general contractor point of interest establishment
The Basement Guys Cleveland
778 McCauley Rd, Stow
general contractor point of interest establishment
Northern Ohio Basement Waterproofing Inc
791 Barchard St, Grafton
general contractor point of interest establishment
All American Basement Waterproofing
1369, 298 E Walnut St, Wadsworth
point of interest establishment
Pioneer Basement Waterproofing
17 W Rosewood Ave, Akron
general contractor point of interest establishment
Pioneer Basement Waterproofing
203 N Depeyster St, Kent
general contractor point of interest establishment

More About Basement Waterproofing Services from Wikipedia


Foundation crack injections


Interior sealants


In poured concrete foundations, cracks and pipe penetrations are the most common entry points for seepage. These openings can be sealed from the interior. Epoxy, which are strong adhesives, or Polyurethane can be pressure injected into the openings, thus penetrating the foundation through to the exterior and cutting off the path of the seepage.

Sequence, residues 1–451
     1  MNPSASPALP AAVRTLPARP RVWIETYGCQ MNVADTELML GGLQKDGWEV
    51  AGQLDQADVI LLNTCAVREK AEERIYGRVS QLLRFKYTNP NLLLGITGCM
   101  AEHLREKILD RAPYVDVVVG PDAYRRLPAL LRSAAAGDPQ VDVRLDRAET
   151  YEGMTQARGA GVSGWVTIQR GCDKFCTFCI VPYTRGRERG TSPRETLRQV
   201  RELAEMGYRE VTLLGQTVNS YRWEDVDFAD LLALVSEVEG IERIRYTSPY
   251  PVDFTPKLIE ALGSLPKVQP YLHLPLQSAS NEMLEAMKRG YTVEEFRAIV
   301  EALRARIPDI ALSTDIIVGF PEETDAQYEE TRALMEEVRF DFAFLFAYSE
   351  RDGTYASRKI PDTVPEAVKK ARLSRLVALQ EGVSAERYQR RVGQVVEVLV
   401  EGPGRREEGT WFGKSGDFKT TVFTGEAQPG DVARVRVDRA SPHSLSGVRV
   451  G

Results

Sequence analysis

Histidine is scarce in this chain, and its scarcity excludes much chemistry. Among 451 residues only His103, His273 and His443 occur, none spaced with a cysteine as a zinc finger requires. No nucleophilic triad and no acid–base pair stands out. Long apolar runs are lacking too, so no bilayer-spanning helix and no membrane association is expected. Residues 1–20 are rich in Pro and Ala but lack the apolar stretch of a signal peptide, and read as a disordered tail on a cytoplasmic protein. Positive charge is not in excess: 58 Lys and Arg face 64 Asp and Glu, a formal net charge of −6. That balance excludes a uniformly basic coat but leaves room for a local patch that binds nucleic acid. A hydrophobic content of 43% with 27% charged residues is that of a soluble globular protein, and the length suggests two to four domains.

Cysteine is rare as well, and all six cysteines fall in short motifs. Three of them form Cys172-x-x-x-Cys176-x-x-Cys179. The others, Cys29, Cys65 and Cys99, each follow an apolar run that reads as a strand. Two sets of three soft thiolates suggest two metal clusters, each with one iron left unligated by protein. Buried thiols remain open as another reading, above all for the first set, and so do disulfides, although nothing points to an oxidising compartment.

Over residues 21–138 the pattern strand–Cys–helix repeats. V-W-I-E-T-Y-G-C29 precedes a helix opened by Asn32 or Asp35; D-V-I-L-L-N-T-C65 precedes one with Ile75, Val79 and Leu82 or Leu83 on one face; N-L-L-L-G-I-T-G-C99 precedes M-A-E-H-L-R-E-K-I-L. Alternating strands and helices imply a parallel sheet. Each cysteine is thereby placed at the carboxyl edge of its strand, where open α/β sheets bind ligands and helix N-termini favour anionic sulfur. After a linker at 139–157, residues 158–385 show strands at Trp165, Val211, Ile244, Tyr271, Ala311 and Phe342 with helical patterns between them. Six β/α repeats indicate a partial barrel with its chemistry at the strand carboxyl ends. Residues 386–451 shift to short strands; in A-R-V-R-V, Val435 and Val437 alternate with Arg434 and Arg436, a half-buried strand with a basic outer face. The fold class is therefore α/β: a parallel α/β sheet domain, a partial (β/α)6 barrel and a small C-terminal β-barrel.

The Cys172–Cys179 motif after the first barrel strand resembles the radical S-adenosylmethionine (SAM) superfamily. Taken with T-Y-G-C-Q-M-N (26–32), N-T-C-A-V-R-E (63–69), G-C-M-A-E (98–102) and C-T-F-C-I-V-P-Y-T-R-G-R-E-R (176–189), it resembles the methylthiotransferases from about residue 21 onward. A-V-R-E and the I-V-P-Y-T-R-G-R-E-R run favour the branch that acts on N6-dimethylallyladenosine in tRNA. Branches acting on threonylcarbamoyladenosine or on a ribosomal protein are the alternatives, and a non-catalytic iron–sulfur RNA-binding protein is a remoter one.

In masonry foundations, interior sealers will not provide permanent protection from water infiltration where hydrostatic pressure is present. However, interior sealers are good for preventing high atmospheric humidity inside the basement from absorbing into the porous masonry and causing spalling. Spalling is a condition where constant high humidity or moisture breaks down masonry surfaces, causing deterioration and shedding of the concrete surfaces.